One of the great advances in the empirical social sciences last century was the use of longitudinal surveys to disentangle some causality puzzles in key social and economic behaviors. For example, the Panel Survey of Income Dynamics, which follows families over decades inquiring about their income, wealth, and occupational statuses helped informed welfare programs. It found that for many families, instead of poverty being a persistent state, plaguing one throughout a lifetime, it was often the result of key shocks (e.g., the death of a breadwinner or the loss of employment). If there were support systems to help the family at the moment of the shock, recovery occurred more quickly.
Mounting such longitudinal survey vehicles, however, is a very expensive proposition. They require following movers wherever they might transition, pursuing members of a family who split off from the initial unit, etc. Because survey data come from designed measurement, the researcher must contact and seek the time of sample persons to collect the data. As a result of the cost, there are few longitudinal surveys, and most measure sample cases once a year or once every two years.
With organic data, those data arising from the Internet, sensors, and social media, the researcher is not the initiator of the data generation process. Instead the units themselves generate the data. Further, the data are “harvested” from their display/storage vehicle (a web page; a sensor data farm). This fact may have important impact on the future of longitudinal measurement and the type of causal modeling that can be conducted.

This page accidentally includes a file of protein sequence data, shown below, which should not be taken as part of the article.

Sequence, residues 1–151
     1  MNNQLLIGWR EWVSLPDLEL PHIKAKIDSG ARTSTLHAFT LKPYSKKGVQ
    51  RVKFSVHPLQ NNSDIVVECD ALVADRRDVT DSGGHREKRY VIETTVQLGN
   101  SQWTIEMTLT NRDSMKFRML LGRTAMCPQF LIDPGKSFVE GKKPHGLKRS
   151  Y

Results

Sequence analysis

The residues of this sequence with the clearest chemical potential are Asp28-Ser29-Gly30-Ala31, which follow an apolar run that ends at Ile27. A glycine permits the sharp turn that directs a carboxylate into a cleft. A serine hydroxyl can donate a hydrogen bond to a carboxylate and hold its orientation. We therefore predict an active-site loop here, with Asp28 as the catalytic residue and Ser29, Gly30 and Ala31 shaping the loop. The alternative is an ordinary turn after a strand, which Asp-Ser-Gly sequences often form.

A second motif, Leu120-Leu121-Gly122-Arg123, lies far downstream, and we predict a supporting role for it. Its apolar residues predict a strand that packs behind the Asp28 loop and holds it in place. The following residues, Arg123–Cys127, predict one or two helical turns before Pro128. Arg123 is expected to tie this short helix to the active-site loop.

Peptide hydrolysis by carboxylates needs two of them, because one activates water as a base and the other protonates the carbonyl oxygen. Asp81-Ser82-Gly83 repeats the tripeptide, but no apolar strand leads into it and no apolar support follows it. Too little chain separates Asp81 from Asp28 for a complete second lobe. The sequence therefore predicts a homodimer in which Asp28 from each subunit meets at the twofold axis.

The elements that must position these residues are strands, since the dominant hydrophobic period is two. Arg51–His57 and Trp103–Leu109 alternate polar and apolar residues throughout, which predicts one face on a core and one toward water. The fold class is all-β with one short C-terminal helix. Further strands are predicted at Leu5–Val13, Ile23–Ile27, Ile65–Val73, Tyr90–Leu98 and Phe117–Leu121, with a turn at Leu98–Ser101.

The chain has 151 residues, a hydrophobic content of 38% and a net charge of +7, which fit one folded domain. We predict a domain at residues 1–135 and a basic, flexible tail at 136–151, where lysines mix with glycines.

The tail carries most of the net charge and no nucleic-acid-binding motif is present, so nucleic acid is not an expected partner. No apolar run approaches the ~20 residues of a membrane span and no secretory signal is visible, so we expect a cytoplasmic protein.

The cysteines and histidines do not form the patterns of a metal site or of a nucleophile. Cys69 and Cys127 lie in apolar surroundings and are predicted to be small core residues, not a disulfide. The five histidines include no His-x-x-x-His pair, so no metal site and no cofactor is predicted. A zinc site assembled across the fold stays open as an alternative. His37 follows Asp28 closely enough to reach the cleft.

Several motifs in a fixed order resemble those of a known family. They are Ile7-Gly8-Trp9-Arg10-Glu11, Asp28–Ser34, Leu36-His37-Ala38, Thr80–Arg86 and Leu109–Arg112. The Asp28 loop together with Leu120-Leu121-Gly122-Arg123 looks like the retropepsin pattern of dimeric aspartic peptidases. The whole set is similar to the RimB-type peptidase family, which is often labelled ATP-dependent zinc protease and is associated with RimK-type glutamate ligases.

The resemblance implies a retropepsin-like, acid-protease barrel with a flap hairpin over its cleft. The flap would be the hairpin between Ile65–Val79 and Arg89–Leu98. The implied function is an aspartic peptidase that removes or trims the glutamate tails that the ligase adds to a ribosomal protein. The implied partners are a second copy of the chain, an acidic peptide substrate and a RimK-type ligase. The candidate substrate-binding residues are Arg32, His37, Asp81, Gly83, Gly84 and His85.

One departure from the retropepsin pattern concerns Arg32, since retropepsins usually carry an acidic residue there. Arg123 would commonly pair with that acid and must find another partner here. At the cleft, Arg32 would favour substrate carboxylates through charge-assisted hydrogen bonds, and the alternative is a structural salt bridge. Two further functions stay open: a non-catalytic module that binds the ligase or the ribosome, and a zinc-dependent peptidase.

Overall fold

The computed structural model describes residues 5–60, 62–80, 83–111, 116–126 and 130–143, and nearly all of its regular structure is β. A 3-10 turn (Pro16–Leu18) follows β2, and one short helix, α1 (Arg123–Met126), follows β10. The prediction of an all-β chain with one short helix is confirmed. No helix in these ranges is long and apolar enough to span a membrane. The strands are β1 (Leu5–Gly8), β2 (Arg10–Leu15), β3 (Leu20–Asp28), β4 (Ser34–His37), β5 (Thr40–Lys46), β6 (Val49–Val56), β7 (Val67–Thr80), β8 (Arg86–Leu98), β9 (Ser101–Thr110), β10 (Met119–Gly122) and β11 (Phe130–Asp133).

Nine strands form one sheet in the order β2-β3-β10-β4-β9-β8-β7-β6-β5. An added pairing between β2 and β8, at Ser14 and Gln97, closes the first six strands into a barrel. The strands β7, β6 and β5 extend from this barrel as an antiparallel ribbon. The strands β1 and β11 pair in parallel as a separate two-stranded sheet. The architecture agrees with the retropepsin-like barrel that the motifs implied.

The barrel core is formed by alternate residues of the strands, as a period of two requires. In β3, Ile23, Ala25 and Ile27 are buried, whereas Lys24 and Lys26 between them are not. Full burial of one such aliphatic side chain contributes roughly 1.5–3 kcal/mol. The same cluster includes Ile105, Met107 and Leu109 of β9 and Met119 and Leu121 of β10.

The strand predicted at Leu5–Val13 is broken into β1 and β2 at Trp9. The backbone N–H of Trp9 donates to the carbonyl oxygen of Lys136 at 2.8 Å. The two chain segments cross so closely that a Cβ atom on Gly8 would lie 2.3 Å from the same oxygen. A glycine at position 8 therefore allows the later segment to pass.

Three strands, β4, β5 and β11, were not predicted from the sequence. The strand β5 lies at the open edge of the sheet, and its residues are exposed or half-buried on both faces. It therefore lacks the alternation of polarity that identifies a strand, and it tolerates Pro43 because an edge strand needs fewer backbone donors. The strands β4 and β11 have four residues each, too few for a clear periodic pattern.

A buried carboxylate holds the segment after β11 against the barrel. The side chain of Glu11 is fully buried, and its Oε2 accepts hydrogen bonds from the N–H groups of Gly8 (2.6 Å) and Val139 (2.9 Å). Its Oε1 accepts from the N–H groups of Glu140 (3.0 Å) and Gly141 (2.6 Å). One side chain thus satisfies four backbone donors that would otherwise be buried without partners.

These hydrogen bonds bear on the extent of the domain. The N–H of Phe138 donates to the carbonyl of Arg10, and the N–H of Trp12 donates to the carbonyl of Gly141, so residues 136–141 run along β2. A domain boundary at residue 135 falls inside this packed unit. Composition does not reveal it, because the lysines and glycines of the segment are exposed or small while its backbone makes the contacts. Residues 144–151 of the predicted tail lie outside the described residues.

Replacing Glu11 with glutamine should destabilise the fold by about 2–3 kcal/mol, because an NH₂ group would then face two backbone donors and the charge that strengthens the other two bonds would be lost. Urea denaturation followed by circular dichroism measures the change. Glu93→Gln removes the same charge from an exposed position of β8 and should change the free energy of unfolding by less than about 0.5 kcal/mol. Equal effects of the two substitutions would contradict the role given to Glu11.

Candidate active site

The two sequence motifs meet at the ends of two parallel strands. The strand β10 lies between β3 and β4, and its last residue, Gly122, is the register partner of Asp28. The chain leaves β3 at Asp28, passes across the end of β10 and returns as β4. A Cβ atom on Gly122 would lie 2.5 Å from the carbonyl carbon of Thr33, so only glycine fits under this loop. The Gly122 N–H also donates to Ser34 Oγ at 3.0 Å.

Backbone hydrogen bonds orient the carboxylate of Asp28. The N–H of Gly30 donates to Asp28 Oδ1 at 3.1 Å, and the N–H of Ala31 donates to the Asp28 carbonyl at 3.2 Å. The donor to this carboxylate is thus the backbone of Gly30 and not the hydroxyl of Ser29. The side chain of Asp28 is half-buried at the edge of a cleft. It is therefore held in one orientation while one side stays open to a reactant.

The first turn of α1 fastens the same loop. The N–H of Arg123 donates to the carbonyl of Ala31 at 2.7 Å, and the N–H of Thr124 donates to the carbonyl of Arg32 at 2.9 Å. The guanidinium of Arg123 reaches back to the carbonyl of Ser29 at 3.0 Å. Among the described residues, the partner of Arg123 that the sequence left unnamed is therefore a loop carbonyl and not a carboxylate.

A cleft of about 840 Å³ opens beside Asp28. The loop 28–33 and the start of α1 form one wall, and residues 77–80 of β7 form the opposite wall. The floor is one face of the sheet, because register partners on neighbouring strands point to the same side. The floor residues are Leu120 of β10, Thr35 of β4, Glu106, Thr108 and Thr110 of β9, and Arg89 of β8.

In an earlier blog, I pondered what conceptual framework would be necessary to understand the measurement properties of various sources of organic data (e.g., Twitter data). Discerning the motivation for sending or not sending a tweet about a given personal attribute clearly requires more data about the Twitter subscriber.
The wonderful feature of much organic data is that they are ongoing, dynamic, and near real-time streams. If the initiator for the data can be identified (e.g., through a Twitter handle), then following the tweets of an individual over time is very low cost. The burden of building a longitudinal record on an individual is much less than mounting repeated longitudinal survey measurements of them.
With longitudinal harvesting of organic data on the same person, profiles of the individual can be built. Some profiles that might be useful include whether the specific medium is used by the user in a narrow (e.g., tweets only about political opinions or comments on friends and family members) or a broad way (e.g., tweets about daily observations on all possible character). In essence, this might form an indicator of the background/common state of the data medium for that individual. When the individual behaved in an unusual way (e.g., tweeting on topics unusual for them), that could be interpreted within the context of their usual behavior. For example, comments on a scandal involving a political figure would be differentially valued for those who always comment on political events versus those who never comment on political events.
The profile of an individual itself would become a dynamic property of the data enterprise, tracking both changes over time that were trends within the individual (e.g., the growth of concerns about the environment), as well as providing information about shocks (e.g., concerns about Tom Brady’s NFL case).
One wonderful feature of the new data world is temporally-granular data. It will require us to think differently about what data to collect and how to use it to study change.